Whether you are a seasoned student affairs professional or an up-and-coming graduate student looking forward to being in the field of student affairs, you’ve heard of the ACPA/NASPA competencies. Student affairs professionals are constantly comparing their work to these competencies. For those who have forgotten the competencies, no shame friends, they are as follows:
- Personal and ethical foundations,
- Values, philosophy, and history,
- Assessment, evaluation, and research,
- Law policy, and governance
- Organizational and human resources
- Social justice and inclusion
- Student learning and development
- Advising and supporting
Student affairs professionals can measure their work based on the benchmark grading system found here. After reading theses competencies and hoping that you are not foundational (because who wants foundational competence) professionals find themselves asking, am I correctly applying theory to improve my practices? Do I know how to lead effectively whether I have positional power or not? Are my practices equitable and promoting social justice? I do not have the answers to these questions. I do not know if my practices are the most inclusive. I do not know if I am incorporating theory the best way I can. I am also unsure if my leadership style will be respected without positional power (as a black woman I know the answer to this, but that’s a blog post for another day).
I do know two things. The first, we are all competent. ACPA and NASPA should not measure our capability to be practitioners. The second, the word competent is rooted in whiteness. Historically, people of color and other minority identities have been oppressed by white people who said they were not “competent” enough to be seen as equal human beings. To have these standards that “other” people and demonstrate how “incompetent” they are creates elitism in student affairs. There should be standards, but not competencies. Whether professionals fully understand a subject, idea, or concept or not, they are competent people who are fully capable of being a student affairs professional.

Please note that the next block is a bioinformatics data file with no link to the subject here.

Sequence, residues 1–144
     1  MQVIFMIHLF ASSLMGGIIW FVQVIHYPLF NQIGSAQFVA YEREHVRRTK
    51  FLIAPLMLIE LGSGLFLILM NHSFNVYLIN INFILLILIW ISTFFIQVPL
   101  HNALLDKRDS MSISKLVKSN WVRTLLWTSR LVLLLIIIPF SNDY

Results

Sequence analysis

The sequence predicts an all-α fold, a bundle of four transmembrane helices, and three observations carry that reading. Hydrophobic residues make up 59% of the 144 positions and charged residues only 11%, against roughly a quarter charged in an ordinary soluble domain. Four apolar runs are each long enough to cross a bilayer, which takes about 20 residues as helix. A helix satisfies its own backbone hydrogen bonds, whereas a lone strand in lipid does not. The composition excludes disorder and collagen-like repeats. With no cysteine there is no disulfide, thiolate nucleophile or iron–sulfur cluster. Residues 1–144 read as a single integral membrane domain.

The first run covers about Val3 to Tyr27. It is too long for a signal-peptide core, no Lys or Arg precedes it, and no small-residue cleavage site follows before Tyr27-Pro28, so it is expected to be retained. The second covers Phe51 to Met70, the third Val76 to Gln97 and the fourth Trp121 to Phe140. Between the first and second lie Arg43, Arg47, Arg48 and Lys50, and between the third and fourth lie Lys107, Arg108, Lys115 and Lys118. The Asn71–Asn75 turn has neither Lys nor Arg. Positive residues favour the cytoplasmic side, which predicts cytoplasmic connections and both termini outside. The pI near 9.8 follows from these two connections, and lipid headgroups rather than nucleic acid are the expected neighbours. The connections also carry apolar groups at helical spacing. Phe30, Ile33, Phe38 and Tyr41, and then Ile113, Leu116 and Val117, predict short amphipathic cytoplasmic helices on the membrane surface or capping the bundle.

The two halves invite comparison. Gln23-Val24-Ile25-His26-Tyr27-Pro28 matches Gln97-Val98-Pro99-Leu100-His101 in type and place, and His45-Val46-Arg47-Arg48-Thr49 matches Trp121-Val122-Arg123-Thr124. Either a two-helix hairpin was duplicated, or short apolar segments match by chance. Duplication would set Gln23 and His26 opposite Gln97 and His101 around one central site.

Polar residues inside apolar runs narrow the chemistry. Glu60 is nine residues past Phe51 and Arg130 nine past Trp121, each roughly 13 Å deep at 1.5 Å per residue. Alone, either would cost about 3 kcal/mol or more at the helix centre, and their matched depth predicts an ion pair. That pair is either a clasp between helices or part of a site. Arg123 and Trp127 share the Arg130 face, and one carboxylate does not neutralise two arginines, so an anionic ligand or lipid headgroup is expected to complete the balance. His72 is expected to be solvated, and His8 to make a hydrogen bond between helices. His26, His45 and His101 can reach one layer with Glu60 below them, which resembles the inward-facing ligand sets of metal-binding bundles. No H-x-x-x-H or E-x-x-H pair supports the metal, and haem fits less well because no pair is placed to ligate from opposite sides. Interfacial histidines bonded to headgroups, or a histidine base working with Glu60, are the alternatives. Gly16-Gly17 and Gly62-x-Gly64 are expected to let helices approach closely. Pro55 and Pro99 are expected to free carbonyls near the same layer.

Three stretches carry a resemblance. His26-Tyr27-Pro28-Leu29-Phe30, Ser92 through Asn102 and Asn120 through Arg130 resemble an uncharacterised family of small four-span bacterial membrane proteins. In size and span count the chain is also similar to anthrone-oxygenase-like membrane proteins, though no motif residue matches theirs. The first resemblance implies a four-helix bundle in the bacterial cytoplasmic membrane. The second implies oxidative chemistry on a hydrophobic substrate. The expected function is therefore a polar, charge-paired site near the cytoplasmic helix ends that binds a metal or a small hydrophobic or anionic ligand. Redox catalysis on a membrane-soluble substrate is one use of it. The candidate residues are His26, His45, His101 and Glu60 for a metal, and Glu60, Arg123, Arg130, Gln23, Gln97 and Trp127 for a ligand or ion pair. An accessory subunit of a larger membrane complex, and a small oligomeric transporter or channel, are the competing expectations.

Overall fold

Instead of measuring the items above by competence, measure them in value. In this field, we should not be measuring someone’s competence. We should be examining how they value the items listed above and how they show up in their practices. If these were values, instead of competencies professionals would have a deeper sense of connection to each of them because they will not treat these items like they are subjects to be mastered. Values cannot be mastered. They are things we continuously reflect and work on. Values are things that knowingly or unknowingly inform all that we do.
Our values are important to us. Our values inform our standard of behavior. Our values define what is important to us. The question is not if we are capable of being student affairs professionals. We chose this field. We did the work to be a part of this field. We are competent. The question is, do our values align with those of the field? We all have the capacity to be practitioners, but we all do not value social justice and inclusion. So as professionals we have to ask, is it more important to measure competence or how we intertwine the values of the field into our practices?
East Tennessee State University, 2016
UVM HESA Class of ’18